zaterdag 18 februari 2017

Interview with Peter James

From day one Roy has built a team around him, who’s your favourite character and why?
Roy is my favourite character because there is a lot of me in him and I’ll often use him as a mouthpiece for my views. But I do have a soft spot, as do many of my readers, for Norman Potting.

When Emma-Jane Boutwood nearly died, she was lying in hospital in a ward with old people. You had a lot of criticism about the NHS and how things were done. I also know how the system works in the UK and I find it appalling! What’s your comment about that? Did you get any reaction about that?
My comments are exactly those expressed by Roy, and yes, it got the Chief executive of the hospital contacting me asking me if he could come and see me to show me the improvements they are making.

You describe a lot how things work in the police force, the ranking, who’s what and what they do. In each book you repeat it again. Is it important for you to repeat these things? (I’m glad you do)
I think it is important because for many of my readers it may be the first book they have read of mine. However, I am always mindful not to repeat or patronise my series readers so we have now added a glossary so we can use abbreviations more often.

You have written 12 novels so far about Roy Grace. Where do you find the inspiration to find subjects and will you write a stand-alone again in the near future?
Inspiration comes often from going out with the police or regular talks I do in prisons talking to criminals, or even just from newspapers.  And yes, I have a stand-alone – Absolute Proof - which I have been working on for 23 years being published in the UK this October, and I’m very excited about it.

‘The house on cold hill’ is sort of a horror novel? Will there be a sequel?
Yes, I’ll be writing it in 2018.

Supposing Roy Grace will become a TV series. You would have liked Daniel Craig to play the role as him. Unfortunately he’s more famous as the James Bond guy. Who would you prefer now and who would you prefer playing the role for Cleo?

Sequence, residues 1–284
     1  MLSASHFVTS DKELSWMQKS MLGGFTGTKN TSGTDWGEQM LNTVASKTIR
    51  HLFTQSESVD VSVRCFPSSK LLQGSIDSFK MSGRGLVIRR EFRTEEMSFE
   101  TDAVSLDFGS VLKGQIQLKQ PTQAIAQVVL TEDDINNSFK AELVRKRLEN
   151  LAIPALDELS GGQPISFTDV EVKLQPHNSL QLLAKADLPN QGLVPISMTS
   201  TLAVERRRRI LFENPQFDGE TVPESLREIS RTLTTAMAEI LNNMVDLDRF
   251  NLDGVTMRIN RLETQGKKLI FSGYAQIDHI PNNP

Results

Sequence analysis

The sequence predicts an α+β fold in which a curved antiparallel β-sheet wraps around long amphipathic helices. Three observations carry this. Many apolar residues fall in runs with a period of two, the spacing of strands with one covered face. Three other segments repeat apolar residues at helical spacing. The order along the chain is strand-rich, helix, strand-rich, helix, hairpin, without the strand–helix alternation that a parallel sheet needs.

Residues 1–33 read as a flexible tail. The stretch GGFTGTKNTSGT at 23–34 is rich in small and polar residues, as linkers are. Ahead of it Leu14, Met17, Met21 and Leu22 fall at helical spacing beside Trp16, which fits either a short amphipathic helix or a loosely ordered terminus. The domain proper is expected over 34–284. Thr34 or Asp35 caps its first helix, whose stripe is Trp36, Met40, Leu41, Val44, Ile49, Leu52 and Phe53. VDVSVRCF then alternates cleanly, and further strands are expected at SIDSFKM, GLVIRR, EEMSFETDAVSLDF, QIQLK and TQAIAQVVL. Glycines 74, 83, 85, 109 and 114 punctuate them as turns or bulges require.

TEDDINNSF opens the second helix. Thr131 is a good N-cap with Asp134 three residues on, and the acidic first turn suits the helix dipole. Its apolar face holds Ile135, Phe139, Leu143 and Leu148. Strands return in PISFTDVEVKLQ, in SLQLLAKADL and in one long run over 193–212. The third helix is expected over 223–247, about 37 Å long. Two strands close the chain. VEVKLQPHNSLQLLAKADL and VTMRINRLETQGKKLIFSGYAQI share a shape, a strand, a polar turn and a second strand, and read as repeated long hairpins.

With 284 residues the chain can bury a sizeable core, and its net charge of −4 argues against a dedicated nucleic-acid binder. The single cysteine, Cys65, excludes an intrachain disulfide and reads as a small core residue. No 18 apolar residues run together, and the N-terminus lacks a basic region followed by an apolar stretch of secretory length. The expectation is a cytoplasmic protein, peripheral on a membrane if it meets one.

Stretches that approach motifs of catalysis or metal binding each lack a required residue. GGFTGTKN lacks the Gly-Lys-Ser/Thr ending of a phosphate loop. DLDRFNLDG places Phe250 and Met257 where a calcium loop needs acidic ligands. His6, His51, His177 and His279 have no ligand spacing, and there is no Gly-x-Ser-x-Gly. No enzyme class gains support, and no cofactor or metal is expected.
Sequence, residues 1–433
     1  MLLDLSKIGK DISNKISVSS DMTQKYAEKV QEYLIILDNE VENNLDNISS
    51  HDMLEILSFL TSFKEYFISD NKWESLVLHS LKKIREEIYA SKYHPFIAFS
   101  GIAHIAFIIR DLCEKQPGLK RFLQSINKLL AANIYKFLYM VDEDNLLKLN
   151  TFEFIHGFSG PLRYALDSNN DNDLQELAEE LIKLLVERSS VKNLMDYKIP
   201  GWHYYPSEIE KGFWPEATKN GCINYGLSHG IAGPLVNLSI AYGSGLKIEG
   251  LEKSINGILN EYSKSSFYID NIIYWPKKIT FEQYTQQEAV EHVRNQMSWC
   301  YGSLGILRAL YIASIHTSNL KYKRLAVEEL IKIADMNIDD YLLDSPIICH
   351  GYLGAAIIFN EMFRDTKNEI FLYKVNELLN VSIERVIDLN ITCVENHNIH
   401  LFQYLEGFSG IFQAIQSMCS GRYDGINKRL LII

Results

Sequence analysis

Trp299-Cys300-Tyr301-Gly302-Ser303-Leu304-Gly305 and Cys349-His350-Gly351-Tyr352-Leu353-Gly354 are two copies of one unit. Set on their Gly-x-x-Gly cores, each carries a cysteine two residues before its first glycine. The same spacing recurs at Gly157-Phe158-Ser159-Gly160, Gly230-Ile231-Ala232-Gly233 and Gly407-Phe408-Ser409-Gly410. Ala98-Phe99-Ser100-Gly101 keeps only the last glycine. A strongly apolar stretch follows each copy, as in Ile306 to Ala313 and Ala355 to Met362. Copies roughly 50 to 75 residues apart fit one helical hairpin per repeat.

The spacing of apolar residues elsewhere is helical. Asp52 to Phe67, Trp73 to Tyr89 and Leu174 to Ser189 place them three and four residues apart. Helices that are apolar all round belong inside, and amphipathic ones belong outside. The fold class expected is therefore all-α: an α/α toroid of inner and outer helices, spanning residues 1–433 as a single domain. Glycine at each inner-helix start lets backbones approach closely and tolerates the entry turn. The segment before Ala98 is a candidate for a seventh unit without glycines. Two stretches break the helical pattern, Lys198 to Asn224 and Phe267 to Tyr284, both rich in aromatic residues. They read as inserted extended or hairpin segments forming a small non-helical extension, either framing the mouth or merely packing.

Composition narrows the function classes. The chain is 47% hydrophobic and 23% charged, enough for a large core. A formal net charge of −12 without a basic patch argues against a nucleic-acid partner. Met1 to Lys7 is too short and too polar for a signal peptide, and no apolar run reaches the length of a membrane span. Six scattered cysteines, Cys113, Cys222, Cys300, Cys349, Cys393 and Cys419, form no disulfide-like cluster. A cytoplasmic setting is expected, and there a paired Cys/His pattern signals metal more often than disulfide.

Ideally for both Roy and Cleo I would like unknown actors who are not type-cast in any other role.

I know the Brighton Police are very kind to you, giving information and allowing you to go out on patrol with them; what is the worst experience you had while out on patrol with them?
I have worked very hard over 25 years to build this trust and relationship.  I was on patrol in a rough estate with a young sergeant and a rookie constable, a young Indian woman.  It was 10.30pm and we saw a group of youths swaggering along, defiantly swigging booze – it’s a criminal offence to drink alcohol on the streets of Brighton and Hove.  The officers pulled over and we climbed out the car.  I stood, wearing fluorescent jacket marked “Police Observer”, as they confronted them. 

Several of the gang were clearly drunk and they became aggressive and threatened violence, and started hurling racial taunts at the Indian woman officer.  The sergeant radioed for backup, but that can take 20 mins to arrive on a busy night.  As the gang advanced on the two officers, I could see this was going to break into a fight.  I began to wonder whether to get back into the car or run for my life… But I knew that if I was to keep any respect I had to stand my ground and help out the two officers.  I used to box at school when I was small, so can look after myself a bit.  The ringleader came straight towards me, jabbed a finger at me and demanded to know who I was.
Quick as a flash the sergeant replied:  “He’s with the FBI!” This had an instant effect – they all backed off and turned into pussycats – meekly handing over their drinks and their weapons!  I realized what had happened – I had my right hand in my pocket and they must have thought it was a gun in there!

Have you participated in a post mortem and if so tell us your experience?
Yes, many times now. My first mortuary visit was on a horrible wet Monday morning many years ago, and I saw three naked dead bodies laid out and stayed for their post mortems, I had never seen a dead body before. I was deeply disturbed by the sheer banal butchery that went on – the use of a common band saw and kitchen knives – and the smell was utterly horrific.  I did what many police officers do when they attend a postmortem (all of them have to during their training) - they go green and pass out!  I had to go and sit down with a cup of tea for a while before going back in.  Afterwards, when I got home, I looked at my then wife, and I thought to myself, “I know what is inside you!”  I had to get drunk that night to get over my shock of the experience and I had nightmares for days after.  It was several weeks before I was able to touch my wife again, before I could stop thinking of all those intestines and organs and viscera inside her…. But ultimately the experience taught me respect.  A police officer might joke during a post-mortem, but he or she takes a murder very seriously and very personally.

We know you have a love for cars and it struck me while reading your books you’re a car fanatic. You do race yourself, what is it that gives you that extra buzz?